Officials with the US Drug Enforcement Administration (DEA) have proposed to cut the amount of controlled substances to be manufactured in 2018 by 20%, compared to 2017, according to a press release.

Under the proposed notice being published in the Federal Register, the DEA is taking steps to reduce more commonly prescribed schedule II opioid painkillers, including oxycodone, hydrocodone, morphine, codeine, meperidine, and fentanyl.

According to the press release, sales data obtained from IMS Health have indicated that demand for these pain medications has dropped.

The DEA considers data from the FDA, estimates of retail consumptions based on prescriptions dispensed, manufacturers’ disposition history and forecasts, as well as data from the DEA’s own internal system for tracking controlled substances transactions and past quota histories, to establish the Aggregate Production Quota (APQ) for the year.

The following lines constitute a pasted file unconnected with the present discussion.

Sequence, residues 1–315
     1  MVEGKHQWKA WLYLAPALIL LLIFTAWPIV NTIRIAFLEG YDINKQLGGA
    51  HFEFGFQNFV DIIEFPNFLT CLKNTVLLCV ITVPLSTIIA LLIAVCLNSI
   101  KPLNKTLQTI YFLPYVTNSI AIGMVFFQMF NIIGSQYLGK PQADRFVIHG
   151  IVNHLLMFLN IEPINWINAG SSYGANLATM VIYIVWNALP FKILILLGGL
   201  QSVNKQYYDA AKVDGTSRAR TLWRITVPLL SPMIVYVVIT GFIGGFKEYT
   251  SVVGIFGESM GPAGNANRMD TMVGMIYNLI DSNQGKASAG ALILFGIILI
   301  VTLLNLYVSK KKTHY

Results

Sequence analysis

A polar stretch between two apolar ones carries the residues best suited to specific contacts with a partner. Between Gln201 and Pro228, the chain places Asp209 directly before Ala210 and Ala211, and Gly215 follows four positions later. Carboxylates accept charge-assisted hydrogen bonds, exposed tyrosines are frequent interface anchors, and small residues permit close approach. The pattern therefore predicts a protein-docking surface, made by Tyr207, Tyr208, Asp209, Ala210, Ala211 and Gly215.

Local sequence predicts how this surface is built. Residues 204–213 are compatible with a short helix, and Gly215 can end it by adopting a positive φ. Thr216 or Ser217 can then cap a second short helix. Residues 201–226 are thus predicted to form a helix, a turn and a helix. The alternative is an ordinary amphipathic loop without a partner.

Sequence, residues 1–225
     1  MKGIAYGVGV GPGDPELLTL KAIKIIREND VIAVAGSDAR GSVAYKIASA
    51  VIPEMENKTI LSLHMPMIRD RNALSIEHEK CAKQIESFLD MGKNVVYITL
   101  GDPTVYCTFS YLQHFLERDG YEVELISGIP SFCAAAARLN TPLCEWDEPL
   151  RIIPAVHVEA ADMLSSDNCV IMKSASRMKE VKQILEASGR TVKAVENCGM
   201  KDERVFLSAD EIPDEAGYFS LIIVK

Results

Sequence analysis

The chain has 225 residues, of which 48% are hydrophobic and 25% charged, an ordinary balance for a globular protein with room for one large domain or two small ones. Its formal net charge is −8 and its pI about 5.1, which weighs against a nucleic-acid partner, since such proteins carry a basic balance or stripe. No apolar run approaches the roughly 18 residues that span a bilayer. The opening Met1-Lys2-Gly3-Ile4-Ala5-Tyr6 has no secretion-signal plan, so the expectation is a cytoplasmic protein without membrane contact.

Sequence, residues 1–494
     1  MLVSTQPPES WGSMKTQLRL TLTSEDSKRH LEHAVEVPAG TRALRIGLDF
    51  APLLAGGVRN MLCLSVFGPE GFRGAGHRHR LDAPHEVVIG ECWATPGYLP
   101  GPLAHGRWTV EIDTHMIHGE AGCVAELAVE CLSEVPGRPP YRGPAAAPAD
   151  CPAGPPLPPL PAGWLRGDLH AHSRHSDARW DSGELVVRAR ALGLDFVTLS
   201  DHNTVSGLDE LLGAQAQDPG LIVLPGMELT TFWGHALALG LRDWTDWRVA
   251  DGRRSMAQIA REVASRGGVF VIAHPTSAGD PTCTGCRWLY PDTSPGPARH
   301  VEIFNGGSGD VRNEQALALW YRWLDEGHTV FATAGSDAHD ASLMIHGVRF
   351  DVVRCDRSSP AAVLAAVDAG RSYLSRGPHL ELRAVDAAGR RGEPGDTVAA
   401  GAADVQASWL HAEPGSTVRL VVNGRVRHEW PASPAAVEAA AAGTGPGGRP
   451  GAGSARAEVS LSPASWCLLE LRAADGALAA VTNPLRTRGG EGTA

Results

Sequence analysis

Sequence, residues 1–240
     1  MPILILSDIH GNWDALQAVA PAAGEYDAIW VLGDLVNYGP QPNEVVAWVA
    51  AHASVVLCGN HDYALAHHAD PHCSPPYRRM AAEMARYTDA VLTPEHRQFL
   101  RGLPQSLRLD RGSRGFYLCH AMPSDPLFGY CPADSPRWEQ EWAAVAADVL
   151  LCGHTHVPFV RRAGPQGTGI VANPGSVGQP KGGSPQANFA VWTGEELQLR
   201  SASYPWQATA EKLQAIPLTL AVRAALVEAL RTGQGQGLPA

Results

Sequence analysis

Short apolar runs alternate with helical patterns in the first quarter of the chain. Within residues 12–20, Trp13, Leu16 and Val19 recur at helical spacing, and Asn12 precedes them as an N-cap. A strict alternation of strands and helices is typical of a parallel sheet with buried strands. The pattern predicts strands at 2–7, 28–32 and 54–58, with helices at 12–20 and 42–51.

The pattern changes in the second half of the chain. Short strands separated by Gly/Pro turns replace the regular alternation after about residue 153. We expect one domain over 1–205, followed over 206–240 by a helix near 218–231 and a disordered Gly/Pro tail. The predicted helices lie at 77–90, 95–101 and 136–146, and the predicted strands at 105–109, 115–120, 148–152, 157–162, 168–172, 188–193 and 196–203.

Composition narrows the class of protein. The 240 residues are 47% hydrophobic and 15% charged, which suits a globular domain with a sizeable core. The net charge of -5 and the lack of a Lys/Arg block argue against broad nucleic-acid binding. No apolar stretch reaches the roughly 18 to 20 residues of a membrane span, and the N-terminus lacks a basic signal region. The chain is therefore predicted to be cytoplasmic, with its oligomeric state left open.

The APQ determines the total number of controlled substances necessary to meet the estimated medical, scientific, research, industrial, and export needs for the year and for the maintenance of reserve stocks.

After setting the aggregate quota, the DEA allocates individual manufacturing and procurement quotas to manufacturers that apply for them. Additionally, the DEA may revise a company’s quota at any time during the year.

DEA proposes reduction to amount of controlled substances to be manufactured in 2018 [news release]. Washington, DC. DEA’s website. Accessed August 4, 2017.